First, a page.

MArch students produce their individual Design & Make Thesis for submission at the end of the 16-month programme. It forms an analysis and critique of the processes and outcome of the design and production of the Hooke Park build project, and develops a research-based argument on the theory or practice of architectural design within a design-build context. The Thesis is intended to be propositional, in the sense of proposing and testing alternatives to conventional design practice. The thesis argument may concern design methodology itself, or the ecological, societal, material or other aspects of architecture; specifically, however, it must be an argument that is developed and tested through the design-make process.
Each student identifies an individual field of research by the end of Term 1. This is then used to help inform and frame the choice of design and hands-on activities in the subsequent terms within the team-based work. Further thesis tutorials are held in third term, to guide the student in identifying their specific thesis question, argument and reference materials. Thesis Presentations are held in the fourth term, following completion of the built project. At this event, each student presents their thesis argument to an invited jury who advise on its subsequent completion for hand-in in late January.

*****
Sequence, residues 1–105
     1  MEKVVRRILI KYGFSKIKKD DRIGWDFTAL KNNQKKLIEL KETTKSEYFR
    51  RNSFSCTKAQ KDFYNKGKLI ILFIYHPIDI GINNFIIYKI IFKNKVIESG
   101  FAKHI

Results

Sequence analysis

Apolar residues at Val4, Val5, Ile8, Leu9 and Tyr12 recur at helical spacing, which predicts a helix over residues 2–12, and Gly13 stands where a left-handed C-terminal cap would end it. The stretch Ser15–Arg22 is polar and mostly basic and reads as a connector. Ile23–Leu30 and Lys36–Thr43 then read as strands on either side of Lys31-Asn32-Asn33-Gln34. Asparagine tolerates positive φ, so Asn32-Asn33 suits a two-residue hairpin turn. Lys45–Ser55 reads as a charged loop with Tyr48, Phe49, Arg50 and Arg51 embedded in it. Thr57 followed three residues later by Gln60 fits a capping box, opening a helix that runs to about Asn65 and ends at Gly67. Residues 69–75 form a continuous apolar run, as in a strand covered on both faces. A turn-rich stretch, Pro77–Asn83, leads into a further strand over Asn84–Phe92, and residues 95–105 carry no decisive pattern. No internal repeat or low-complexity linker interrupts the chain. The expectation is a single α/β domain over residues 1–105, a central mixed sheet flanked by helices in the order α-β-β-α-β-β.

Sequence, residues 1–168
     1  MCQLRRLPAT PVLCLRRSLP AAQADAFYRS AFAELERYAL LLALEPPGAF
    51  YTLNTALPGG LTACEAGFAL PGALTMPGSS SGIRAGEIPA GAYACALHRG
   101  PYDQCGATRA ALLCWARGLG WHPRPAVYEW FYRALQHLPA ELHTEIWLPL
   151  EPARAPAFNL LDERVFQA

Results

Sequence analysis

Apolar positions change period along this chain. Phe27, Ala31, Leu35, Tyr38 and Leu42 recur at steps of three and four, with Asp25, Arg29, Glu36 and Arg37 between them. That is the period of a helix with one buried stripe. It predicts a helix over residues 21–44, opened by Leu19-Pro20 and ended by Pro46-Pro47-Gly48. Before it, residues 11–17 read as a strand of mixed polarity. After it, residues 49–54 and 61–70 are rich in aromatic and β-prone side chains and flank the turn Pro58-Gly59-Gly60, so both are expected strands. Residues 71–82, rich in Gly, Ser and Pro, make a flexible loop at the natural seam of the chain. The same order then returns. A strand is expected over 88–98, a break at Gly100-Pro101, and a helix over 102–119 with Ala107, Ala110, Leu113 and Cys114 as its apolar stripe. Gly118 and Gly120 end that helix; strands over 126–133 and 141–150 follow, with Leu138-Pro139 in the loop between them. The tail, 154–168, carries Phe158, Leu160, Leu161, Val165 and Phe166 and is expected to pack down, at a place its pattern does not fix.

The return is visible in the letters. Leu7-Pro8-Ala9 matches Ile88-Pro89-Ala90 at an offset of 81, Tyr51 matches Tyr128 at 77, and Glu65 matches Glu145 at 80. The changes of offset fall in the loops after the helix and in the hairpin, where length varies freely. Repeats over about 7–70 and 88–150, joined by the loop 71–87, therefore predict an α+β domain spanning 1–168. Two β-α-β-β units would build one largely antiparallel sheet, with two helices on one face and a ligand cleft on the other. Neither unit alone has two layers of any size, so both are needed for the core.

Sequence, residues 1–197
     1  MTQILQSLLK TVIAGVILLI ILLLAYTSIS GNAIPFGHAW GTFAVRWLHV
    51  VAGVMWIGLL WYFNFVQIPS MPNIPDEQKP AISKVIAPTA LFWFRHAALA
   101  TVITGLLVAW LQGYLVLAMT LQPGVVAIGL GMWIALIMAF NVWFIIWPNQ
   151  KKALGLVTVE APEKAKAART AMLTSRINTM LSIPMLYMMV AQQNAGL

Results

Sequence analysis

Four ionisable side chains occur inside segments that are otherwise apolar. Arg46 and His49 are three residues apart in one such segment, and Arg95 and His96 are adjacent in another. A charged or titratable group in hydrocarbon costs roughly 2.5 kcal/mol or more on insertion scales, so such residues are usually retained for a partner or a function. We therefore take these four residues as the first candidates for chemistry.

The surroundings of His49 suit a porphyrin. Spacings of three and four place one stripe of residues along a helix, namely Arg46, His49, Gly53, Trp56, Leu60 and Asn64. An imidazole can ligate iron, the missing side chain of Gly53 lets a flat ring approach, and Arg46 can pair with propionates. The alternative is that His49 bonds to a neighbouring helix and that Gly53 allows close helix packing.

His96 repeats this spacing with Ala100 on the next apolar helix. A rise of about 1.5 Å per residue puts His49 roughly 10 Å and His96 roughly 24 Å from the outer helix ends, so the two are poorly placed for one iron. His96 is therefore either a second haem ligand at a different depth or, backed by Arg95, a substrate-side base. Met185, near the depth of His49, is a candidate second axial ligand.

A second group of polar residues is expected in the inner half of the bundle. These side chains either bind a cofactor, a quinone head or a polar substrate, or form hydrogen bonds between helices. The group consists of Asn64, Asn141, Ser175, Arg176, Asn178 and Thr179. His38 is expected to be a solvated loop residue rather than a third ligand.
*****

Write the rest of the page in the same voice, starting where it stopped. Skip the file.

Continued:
The D&M Thesis is submitted as an illustrated bound dossier incorporating both the thesis text (7000-9000 words) and illustrative material.
Sample MArch Thesis: MArch Thesis: Omri Menashe, Steam Driven – The Architectural Power of Steam Bent Timber:
Sample MArch Thesis: Carlos Chen, Hooke Park: Locality and Landscape – Continuing the local architectural tradition: